The image which was used by many to criticise Delhi government was taken in October during Diwali rush at the metro station.
On Monday, Delhi government's odd-even experiment to limit private cars on the road faced its litmus test. Three days after coming into effect, the policy of allowing odd and even numbered cars on the roads only on alternate days was put through the test of the usually manic Delhi rush as citizens and students rushed to their work and colleges.
While the city responded enthusiastically to the drive even on a routine workday after the long weekend, the number of challans went up and almost 600 violators had been fined by the police by the afternoon. Public transport in the city, meanwhile, ran on full capacity with extra buses being pushed on the road and the Delhi metro making additional trips to manage the load.
Even as people on social media shared their experiences on the third day of the odd-even policy, there was a bit of excitement on social media after some people shared a photograph of the Rajiv Chowk Metro Station, teeming with chaotic crowds.
The image proved to be a missile in the hands of the critics who used it to target Delhi government for the shoddy public transport arrangements and pushing people into inconvenience.
As it later turned out, the photograph was an old one, published in the Hindustan Times in October last year, which the newspaper itself felt the need to address through a tweet.
This small nugget of truth, however, proved too little and too late to control Twitter as humour and barbs took over the narrative and soon enough, Aam Aadmi Party and Bharatiya Janata Party supporters were mocking each other.
Can success lead to a more fulfilled life? It’s complicated for Indians, according to a new survey
A surprising disconnect between success and fulfillment has much to tell us about the choices we make.
While “success” can be defined in many ways, it seems to be increasingly equated with financial prosperity in India. The pressure to succeed financially can influence many of our major life decisions, from the subjects we study in school to the jobs we desire as adults. But is financial success alone the key to a meaningful and fulfilled life? Maybe not.
A recent study by Abbott explored the impact of 13 different factors, including success (defined as “financial success”), on personal fulfillment. The survey asked nearly two million individuals across countries, including India, to comment on what contributes to living a fulfilled life. Respondents also self-reported their current levels of personal fulfillment to compare with the fulfillment standards they set for themselves.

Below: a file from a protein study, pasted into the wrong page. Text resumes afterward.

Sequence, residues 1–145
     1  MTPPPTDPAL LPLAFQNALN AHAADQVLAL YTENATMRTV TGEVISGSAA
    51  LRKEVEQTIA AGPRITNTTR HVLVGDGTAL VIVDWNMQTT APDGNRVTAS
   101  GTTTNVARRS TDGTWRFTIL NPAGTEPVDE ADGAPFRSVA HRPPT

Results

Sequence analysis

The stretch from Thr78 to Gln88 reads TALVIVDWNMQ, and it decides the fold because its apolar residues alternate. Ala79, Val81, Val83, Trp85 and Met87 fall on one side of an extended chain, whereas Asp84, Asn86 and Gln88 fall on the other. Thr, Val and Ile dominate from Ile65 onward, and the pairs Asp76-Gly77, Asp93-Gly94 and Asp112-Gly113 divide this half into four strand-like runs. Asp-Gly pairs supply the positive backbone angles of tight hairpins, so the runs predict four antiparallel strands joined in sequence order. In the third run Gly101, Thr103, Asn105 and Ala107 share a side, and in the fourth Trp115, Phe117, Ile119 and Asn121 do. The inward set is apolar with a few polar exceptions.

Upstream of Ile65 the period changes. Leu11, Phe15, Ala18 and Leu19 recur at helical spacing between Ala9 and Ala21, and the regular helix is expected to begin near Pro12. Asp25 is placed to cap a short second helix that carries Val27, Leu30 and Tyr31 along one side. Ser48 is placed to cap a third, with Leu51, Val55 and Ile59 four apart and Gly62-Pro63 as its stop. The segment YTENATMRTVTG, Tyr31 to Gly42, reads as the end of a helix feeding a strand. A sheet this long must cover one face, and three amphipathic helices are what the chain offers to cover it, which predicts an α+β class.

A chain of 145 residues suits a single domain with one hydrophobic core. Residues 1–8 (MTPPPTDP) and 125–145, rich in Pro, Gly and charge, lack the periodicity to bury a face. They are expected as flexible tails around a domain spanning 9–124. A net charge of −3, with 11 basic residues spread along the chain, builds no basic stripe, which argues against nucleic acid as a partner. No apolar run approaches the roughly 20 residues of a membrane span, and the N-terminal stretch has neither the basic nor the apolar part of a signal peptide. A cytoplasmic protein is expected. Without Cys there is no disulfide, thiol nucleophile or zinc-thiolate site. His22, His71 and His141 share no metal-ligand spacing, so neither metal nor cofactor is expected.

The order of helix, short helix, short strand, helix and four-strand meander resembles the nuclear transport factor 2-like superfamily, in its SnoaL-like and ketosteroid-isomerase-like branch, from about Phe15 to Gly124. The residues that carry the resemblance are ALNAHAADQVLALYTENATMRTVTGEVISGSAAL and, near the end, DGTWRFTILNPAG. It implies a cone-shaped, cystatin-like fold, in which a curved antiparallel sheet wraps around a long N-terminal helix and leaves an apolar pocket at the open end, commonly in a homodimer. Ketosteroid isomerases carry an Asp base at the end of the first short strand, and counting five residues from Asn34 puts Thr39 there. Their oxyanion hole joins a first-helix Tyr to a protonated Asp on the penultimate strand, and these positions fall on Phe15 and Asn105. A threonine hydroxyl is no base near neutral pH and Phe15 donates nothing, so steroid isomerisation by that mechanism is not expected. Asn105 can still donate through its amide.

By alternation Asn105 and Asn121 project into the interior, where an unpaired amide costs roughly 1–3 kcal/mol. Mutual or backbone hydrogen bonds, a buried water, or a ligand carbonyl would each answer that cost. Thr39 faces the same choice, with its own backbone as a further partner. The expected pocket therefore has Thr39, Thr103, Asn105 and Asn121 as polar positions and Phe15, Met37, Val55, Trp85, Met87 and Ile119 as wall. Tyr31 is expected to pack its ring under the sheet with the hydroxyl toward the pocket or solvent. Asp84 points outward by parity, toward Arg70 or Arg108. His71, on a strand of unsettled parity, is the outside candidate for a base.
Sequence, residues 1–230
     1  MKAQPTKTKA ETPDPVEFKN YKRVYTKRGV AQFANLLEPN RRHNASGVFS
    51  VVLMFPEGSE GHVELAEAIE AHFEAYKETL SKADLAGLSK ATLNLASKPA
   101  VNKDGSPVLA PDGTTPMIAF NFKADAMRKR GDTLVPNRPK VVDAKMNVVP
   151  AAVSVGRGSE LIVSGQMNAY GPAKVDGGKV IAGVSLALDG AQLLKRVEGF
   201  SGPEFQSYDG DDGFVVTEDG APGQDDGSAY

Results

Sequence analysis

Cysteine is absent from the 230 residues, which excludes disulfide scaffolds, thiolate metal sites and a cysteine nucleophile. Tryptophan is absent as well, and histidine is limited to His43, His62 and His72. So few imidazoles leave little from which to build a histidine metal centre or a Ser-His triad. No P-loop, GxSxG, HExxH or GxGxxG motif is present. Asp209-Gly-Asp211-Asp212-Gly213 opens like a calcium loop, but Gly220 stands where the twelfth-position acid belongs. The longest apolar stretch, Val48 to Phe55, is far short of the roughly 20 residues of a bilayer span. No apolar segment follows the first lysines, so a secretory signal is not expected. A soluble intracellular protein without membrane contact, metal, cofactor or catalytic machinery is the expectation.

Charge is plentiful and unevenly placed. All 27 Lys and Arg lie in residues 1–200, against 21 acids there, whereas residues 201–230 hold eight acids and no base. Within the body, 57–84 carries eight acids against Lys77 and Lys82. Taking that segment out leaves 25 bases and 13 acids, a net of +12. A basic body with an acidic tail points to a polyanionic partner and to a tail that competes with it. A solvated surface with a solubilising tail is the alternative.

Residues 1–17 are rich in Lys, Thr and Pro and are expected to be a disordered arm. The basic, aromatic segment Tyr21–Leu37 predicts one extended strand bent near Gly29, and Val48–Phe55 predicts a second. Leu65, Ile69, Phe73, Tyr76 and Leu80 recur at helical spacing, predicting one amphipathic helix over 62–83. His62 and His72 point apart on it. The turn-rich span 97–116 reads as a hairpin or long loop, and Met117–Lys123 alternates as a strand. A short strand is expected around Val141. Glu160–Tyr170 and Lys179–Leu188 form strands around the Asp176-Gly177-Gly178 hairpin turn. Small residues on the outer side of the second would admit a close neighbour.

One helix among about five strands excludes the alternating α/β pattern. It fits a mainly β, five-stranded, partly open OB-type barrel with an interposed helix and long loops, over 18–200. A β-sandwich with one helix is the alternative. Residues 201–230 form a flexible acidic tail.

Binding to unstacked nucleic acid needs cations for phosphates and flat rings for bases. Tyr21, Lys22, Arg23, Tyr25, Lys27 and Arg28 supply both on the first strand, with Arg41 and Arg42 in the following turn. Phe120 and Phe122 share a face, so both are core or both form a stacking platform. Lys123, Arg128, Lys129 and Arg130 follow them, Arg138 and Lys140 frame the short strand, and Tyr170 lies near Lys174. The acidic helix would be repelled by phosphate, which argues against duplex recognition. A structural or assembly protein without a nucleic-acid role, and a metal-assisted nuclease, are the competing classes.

In India, “success” was the second-most widely acknowledged driver of personal fulfillment, surpassing other factors like “giving”, “learning” and “health”. In fact, Indians on the whole considered success to be key to a fulfilled life far more than any other country, far ahead of economic powerhouses like the US and Germany. When Indian respondents were then asked which qualities they thought made other people feel fulfilled, 16% of the sample chose “money”, second only to “attitude”.
Clearly there is a growing importance placed on success and money, but where is this preoccupation getting us?
The good news is that, on the whole, Indians rated themselves as enjoying a life that was only somewhat less fulfilled relative to the global average (61 vs 68 on a scale of 100). The surprising finding, however, was that at an individual level, respondents who chose “success”as the top driver of fulfillment actually reported lower levels of fulfillment relative to the average.
So, what can we derive from these mixed and somewhat complicated signals? How can success be both a driver and deterrent of personal fulfillment simultaneously?
The most likely explanation is that our own high expectations for financial success are actually limiting our ability to feel fulfilled. While success and money have been shown to improve levels of happiness, their impact on leading a meaningful life, which is critical to feeling fulfilled, is much less. By prioritizing the pursuit of financial success, we might be eclipsing other important activities that are central to leading a more fulfilled life in the present.
One clue to support this is that while everyone’s path to fulfillment differs, globally and in India, people who chose attributes like “family”, “spirituality” or “giving” as the top drivers of fulfillment self-reported above-average levels of fulfillment. Attributes like spirituality were also associated with above-average fulfillment levels in India and the US, whereas music was important for Brazil and health for China.
Perhaps the most powerful takeaway, then, is that leading a fulfilled life is a choice available to all of us. Through greater self-awareness and reflection, we can develop a deeper understanding of the things that make us feel truly fulfilled. While financial goals will no doubt feature on the path to fulfillment for many of us, it’s important not to lose sight of other aspects of life like family, music, travel, spirituality and health that could also play a significant role. Taking all of these aspects into consideration can help each of us find our unique “fulfillment equation” that will bring us greater peace and contentment in life.
How can each of us ensure we are defining personal fulfillment in our own terms? Thankfully, there are numerous resources available that can help people around the world define and lead a more fulfilled life. Abbott, a global health care company, is committed to helping people live the best life possible. Their website and newsletter feature life hacks for work or personal time like those listed below. These are great tools for those ready to lead a more fulfilled and meaningful life, starting today.
This article was produced on behalf of Abbott by the Scroll.in marketing team and not by the Scroll.in editorial staff.